6,000 virus-infected African clawed frogs euthanized in Washington

More than 6,000 virus-infected African clawed frogs were euthanized over the summer in a Washington State pond, The Olympian reported.

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The frogs are predatory, invasive and reproduce quickly. A stormwater pond system near Saint Martin’s University in Lacey had 6,106 of them. The frogs tested positive for ranavirus, which causes systemic infections in a wide variety of saltwater fish, The Olympian reported.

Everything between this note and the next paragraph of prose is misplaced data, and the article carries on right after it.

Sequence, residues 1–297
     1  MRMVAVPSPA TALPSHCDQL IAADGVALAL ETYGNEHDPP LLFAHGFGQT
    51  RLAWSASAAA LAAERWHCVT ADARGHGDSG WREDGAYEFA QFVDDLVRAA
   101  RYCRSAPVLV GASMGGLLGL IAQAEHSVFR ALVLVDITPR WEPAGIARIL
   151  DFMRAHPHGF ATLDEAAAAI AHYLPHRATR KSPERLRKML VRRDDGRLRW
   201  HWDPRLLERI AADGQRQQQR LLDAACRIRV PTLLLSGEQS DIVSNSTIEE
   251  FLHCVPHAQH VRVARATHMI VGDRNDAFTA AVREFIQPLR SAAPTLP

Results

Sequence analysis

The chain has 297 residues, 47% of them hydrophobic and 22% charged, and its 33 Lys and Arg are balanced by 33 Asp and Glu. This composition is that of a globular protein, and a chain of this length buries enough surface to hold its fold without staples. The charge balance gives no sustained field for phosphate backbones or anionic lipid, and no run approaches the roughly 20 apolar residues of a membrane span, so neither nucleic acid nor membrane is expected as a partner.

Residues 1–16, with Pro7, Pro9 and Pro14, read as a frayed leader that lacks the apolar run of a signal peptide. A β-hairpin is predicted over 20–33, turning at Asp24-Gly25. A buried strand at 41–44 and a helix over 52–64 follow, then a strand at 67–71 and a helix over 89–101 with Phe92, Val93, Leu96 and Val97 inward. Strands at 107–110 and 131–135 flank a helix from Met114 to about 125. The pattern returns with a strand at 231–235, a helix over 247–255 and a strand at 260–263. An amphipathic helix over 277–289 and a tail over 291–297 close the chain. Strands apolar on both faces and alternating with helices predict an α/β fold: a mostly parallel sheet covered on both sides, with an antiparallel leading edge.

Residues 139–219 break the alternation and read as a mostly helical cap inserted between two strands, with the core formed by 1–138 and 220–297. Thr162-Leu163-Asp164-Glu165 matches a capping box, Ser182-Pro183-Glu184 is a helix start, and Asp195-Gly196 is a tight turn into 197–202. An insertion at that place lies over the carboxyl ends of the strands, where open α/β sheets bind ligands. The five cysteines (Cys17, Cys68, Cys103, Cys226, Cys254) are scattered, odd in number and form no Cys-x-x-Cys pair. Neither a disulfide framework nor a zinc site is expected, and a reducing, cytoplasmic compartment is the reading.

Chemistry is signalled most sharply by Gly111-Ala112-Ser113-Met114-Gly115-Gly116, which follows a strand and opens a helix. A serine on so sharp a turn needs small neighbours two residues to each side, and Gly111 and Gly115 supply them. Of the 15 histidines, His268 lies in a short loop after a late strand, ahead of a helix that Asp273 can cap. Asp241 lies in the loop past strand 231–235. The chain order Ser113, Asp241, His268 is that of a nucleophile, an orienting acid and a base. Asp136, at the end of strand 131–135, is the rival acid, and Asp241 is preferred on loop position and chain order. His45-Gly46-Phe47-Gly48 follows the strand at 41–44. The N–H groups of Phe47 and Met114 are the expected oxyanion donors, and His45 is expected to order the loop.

The City of Lacey worked with the state Department of Fish and Wildlife to come up with a plan to trap, test, contain and eliminate thousands of the amphibians from three ponds at the College Regional Stormwater Facility, City Manager Scott Spence said Tuesday.

The frogs were euthanized by increasing the salinity of a large, upper pond, said Doug Christenson, water resources engineer for Lacey. Next summer, city and wildlife officials will focus on the smaller east and west ponds.

The frogs were first discovered in late summer 2015 by a member of the state Department of Ecology, who recognized the frogs as not being native to the area, Christenson said. It was thought to be the first time an African clawed frog has been found in the state, he said.

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